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This discussion began with a discussion about what participants believe
vs. what networks actually are. But Steve Corman just wrote that getting
objective network information is very difficult: ďOne important point is
that it is extremely hard to even *get* observable behavior measures,
especially in a network of any appreciable size. So the studies that
have looked at this have used very small groups, strange contexts (e.g.
HAM radio operators who keep logs), questionable observation schemes
(walk through an organization every half hour and write down everyone
you see talking), or incomplete records of behavior (i.e. e-mail
flows).Ē I suspect thatís a common perception. But there is one vast
source that has been terribly under-exploited: notaries' record books.
As a result, it may be easier to get this data for the past, at least
for those areas of Europe heavily affected by Roman law.
I suspect that a lot of people on this list are familiar with John
Padgettís work, but perhaps it still bears emphasizing: notaries in
France, Spain and Italy (for example) kept books recording financial
transactions, such as sales of property and rentals, as well as personal
transactions ó wills and marriage contracts. It was standard to ask your
closest family friends to be the witnesses to your marriage contract.
The result is that your financial and personal links were recorded on
paper for posterity. These record books survive in absurd abundance,
beginning in the fifteenth century (or earlier in some places). They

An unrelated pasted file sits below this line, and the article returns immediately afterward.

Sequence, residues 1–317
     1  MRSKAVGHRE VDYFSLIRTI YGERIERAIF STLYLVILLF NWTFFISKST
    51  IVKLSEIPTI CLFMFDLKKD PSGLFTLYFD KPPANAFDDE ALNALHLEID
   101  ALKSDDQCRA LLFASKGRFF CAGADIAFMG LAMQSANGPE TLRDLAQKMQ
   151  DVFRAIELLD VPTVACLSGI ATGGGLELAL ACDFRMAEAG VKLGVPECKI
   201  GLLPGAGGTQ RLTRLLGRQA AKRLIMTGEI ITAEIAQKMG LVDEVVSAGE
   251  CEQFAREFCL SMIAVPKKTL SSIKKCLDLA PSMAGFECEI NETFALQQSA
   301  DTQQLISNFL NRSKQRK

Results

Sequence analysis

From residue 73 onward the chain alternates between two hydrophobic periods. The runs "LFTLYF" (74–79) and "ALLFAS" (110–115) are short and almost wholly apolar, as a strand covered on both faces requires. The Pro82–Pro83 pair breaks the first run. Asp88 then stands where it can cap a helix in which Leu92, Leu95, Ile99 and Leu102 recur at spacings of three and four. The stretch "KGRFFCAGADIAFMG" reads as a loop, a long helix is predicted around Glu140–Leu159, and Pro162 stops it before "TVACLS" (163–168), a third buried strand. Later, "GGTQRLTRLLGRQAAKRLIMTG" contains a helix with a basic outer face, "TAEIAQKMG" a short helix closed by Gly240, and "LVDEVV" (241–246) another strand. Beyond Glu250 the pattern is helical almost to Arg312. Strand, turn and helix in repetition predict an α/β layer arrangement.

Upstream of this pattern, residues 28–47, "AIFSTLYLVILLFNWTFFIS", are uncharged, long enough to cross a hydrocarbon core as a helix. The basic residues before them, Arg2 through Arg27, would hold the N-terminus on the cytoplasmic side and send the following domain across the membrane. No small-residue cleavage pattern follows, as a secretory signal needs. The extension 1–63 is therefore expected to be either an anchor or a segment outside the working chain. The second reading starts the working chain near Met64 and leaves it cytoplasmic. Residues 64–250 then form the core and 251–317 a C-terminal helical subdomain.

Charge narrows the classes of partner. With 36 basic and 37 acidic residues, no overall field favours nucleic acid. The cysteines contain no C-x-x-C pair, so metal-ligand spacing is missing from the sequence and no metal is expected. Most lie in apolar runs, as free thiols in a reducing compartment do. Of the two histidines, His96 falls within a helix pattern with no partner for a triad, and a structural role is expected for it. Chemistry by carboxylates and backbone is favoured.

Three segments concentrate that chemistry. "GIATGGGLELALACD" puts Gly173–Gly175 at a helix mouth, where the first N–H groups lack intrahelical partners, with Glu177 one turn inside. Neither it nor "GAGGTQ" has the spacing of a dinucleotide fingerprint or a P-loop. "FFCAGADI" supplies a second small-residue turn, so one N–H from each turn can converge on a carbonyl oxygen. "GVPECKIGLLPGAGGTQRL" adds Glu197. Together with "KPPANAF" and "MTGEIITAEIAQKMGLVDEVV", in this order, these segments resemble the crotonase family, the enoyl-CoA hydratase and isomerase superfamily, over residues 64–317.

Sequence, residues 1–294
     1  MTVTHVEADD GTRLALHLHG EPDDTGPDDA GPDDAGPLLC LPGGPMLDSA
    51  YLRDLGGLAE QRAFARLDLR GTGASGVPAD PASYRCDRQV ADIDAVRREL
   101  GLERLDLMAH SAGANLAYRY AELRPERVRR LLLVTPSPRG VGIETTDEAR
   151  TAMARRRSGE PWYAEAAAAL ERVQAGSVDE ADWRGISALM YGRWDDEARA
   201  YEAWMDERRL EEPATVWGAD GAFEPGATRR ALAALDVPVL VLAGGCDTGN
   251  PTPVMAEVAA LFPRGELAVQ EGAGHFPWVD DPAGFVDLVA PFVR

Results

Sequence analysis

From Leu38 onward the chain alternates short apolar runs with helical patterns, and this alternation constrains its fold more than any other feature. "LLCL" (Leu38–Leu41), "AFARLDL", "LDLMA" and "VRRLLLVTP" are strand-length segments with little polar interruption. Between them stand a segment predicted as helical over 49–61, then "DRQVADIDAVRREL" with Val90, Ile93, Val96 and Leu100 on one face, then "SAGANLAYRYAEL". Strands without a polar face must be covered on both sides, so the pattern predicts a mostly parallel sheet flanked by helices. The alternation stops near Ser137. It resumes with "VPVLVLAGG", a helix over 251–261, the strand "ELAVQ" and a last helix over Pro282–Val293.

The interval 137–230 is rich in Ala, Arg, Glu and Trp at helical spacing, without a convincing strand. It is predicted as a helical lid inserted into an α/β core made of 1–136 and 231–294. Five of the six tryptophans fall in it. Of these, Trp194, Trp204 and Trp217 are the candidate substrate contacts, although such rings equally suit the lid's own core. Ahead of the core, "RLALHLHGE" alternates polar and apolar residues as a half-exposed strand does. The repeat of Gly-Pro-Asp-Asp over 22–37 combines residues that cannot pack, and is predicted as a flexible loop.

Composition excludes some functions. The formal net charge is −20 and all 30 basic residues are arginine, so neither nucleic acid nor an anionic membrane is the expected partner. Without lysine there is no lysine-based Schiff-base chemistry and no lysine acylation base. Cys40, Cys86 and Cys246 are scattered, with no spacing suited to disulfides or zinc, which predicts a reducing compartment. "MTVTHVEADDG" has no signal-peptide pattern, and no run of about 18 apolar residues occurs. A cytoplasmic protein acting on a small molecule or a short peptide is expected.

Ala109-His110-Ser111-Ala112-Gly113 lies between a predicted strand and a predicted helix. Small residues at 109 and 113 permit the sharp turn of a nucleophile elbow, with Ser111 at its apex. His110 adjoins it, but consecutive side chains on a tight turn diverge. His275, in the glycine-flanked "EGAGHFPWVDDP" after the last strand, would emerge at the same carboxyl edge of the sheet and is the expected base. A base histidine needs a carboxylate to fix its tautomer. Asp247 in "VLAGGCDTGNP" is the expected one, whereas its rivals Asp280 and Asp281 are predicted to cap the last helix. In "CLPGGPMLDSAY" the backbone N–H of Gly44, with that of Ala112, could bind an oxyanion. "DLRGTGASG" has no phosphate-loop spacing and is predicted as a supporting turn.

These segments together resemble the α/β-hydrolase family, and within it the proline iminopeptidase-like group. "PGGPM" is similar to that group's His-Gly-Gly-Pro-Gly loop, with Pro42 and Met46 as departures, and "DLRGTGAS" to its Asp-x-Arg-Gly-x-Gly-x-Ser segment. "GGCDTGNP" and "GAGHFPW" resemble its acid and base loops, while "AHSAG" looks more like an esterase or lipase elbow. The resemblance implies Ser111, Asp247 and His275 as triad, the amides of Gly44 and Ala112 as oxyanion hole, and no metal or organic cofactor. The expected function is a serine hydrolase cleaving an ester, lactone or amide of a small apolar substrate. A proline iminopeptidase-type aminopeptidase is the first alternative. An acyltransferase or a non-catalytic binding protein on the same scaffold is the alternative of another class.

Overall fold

include just about everybody, not just the elites... although far more
men than women, since women couldn't be witnesses, although they
obviously did get married, and they also made wills fairly often. I did
some baby network analysis for NÓmes during the Reformation, and I hope
to do more... I keep subscribed to this list as a gentle goad to remind
myself that I want to get better at working with the method. But the
only thing preventing people from creating networks of just about
anybody for those countries in those time periods is the tedium of the
data entry. You do have to know a foreign language, but especially for
the 1600s and 1700s, the handwriting is easy. I know France best, and
there big hunks of these records have even been microfilmed by the
Latter-Day Saints (Mormons) so you donít even have to go there to do the
work ó although personally Iím not sure thatís an advantage. In any
case, thereís a vast field out there for eager grad students and others.
Dept. of History and Art History
George Mason Univ.
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